- It seems that the Google Play police efforts are poorly done. Malicious apps frequently manage to filter through. Since the start of 2016, 11 malicious apps have been found on Google Play, all of which were very effective. Often, these lead to authentic-looking login pages that are actually phishing scams. It is not clear yet how successful the phishing scams have been. (PC World)
- The Rhode Island Blood Center has been successfully targeted by a phishing campaign. They were targeted by the same email as the Kalamazoo College, which was an email asking for W-2 tax information from 2015. It is not clear whether the two incidents are related, or whether there were joint contacts, meaning that the email was accidentally forwarded. All RI Blood Center employees have been informed of the situation and have been given assistance for identity protection. No donor information was compromised. (Turn to 10)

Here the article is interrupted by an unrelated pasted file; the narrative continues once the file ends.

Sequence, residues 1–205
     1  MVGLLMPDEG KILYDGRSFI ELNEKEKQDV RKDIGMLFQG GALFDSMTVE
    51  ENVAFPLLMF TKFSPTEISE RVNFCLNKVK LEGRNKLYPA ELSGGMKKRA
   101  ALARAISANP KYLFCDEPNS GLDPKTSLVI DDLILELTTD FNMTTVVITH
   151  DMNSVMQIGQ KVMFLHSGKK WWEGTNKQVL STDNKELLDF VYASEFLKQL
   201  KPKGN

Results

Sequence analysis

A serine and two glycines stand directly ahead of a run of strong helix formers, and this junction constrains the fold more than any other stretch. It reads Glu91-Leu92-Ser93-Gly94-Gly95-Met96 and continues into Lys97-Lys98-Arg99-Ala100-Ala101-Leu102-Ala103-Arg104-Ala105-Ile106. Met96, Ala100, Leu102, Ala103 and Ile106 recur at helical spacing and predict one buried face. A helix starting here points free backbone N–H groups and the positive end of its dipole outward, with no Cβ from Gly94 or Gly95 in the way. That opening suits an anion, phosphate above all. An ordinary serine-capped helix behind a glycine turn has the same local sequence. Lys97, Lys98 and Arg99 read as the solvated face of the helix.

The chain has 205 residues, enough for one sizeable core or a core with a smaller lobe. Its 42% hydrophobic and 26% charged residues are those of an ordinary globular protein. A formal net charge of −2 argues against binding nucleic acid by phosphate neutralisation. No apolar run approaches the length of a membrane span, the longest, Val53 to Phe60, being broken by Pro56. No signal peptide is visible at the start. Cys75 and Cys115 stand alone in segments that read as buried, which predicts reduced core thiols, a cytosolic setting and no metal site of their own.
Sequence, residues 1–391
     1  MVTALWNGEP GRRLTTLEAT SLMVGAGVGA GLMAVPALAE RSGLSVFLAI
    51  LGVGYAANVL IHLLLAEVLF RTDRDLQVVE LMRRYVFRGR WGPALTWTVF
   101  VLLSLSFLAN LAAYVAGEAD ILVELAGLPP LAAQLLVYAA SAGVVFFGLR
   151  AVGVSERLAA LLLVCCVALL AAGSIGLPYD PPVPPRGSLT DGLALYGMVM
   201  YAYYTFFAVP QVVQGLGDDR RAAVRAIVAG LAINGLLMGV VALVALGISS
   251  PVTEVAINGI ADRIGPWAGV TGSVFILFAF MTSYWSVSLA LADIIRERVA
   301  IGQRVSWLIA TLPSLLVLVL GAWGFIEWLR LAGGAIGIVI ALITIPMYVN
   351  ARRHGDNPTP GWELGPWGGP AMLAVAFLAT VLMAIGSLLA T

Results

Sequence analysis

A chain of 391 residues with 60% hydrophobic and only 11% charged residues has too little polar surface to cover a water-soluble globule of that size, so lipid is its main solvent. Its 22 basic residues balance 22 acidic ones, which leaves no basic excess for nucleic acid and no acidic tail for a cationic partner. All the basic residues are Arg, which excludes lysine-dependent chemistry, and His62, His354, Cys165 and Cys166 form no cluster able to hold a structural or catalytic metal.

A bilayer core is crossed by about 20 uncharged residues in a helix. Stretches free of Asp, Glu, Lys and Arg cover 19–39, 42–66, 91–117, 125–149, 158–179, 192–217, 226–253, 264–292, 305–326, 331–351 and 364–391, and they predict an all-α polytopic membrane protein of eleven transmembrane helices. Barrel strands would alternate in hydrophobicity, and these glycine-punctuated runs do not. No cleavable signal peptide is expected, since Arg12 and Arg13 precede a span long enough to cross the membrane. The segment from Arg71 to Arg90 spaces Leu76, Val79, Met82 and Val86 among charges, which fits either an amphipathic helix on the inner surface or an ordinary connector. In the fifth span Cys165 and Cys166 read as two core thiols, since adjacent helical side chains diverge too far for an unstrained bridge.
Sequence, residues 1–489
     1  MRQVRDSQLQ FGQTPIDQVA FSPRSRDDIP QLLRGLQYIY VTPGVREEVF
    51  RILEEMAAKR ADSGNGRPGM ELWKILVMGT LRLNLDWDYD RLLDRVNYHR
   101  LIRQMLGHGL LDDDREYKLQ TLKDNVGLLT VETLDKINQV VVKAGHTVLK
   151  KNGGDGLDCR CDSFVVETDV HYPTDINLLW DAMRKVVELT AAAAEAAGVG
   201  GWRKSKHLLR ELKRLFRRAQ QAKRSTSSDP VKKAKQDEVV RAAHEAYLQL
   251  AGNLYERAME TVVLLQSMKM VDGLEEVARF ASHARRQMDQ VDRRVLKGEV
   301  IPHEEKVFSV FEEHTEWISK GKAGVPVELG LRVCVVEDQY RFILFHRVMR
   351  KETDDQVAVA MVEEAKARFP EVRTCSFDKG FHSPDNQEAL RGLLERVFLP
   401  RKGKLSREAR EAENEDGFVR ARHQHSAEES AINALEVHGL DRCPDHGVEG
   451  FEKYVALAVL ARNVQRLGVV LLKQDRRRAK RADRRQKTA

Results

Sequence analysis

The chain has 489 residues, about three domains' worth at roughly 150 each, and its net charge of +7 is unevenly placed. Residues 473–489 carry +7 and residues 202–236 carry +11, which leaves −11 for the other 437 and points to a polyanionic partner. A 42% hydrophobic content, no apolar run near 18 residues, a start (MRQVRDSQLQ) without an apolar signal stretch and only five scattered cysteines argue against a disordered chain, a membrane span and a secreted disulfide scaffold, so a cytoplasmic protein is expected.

Phishing Laws by State
Alabama, Alaska, Arizona, Arkansas, California, Colorado, Connecticut, Delaware, Florida, Georgia, Hawaii, Idaho, Illinois, Indiana, Iowa, Kansas, Kentucky, Louisiana, Maine, Maryland, Massachusetts, Michigan, Minnesota, Mississippi, Missouri, Montana, Nebraska, Nevada, New Hampshire, New Jersey, New Mexico, New York, North Carolina, North Dakota, Ohio, Oklahoma, Oregon, Pennsylvania, Rhode Island, South Carolina, South Dakota, Tennessee, Texas, Utah, Vermont, Virginia, Washington, West Virginia, Wisconsin, Wyoming